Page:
The Prisoner


disappeared into the bright sun. Kai stayed there for some time until his stomach growled with


He stood and stretched his arms and shook out his legs. He decided to visit Miss Trea.

She usually had some sort of stew simmering in the hearth for herself and the rest of the staff. As

he walked through the village to the castle kitchens, he stopped at his favorite bakery, the one he

hadn ’ t attempted to steal from, and bought two pastries.

They had a delightful lunch, discussing the inner workings of the castle and the rumors

that had circulated while he had spent the day at the docks. Kai ended up drying dishes, not quite

ready to leave yet.

And so, this pattern of work and a rare morning off continued for some time.

By the middle of winter, Captain Ellsworth and his crew had returned. The captain took

an interest in Kai and began seeking him out, discovering his place in the kitchen. One day, right

after supper, the captain appeared in the kitchens for the second time that week. Miss Trea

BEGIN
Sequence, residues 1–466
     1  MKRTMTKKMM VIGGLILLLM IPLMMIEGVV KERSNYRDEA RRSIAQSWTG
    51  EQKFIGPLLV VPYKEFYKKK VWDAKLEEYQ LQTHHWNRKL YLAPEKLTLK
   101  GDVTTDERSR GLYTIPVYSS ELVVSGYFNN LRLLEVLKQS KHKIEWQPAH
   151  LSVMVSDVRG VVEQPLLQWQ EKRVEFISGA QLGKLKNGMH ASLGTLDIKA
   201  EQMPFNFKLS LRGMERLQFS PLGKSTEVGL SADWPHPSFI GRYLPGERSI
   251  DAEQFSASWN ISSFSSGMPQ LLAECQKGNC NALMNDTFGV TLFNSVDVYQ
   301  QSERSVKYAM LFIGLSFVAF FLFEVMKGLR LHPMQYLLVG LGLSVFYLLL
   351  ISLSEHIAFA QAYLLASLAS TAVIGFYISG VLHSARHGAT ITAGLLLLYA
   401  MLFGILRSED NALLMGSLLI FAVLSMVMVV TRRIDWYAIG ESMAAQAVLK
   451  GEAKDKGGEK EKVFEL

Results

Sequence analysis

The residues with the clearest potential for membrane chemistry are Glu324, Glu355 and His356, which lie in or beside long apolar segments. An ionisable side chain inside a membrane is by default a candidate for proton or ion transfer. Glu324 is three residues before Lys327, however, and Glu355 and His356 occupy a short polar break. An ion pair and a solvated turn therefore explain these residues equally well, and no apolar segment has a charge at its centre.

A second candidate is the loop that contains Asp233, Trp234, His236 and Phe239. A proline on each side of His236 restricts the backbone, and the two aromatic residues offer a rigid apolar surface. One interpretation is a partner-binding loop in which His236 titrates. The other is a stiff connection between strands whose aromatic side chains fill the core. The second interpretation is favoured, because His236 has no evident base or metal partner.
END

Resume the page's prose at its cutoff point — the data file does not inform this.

greeted him. They spoke quietly for a minute or two before she called Kai over. Captain

Ellsworth was making him his attendant, if he accepted, of course. Kai eagerly accepted the new

position with the captain and began his new work.

With the money he had saved from working in the kitchens, he purchased a new coat and

pair of boots, grateful for both as he roamed the drafty castle corridors, running errands for the

captain and delivering messages. Every now and then, he slipped into the kitchens and conversed

with Miss Trea and the cooks. He passed along the rumors that were whispered in the main part

of the castle and was told all about the scandals overheard by the kitchen and serving staff.

Kai now had his own room in the castle barracks. He was given a bed, nightstand, and a

small table and chair, which was meant as a desk. Miss Trea ’ s sister, Miss Agnes, made a thick

quilt for him, which kept him warm on the bitter winter nights. He also bought a few plates and a

set or two of cutlery and more food than he thought he could possibly eat. But he did. Every last

bite of food was savored and consumed. He often went into town to the bakery or the butchers

and stocked his personal store, cooking his own suppers in his room at the end of a long day.

He relished in the softness of his own bed against his back and letting his aching feet

dangle over the side before he curled up and drew the covers up to his chin. He often slept

soundly until the castle ’ s roosters began to crow at the rising sun.

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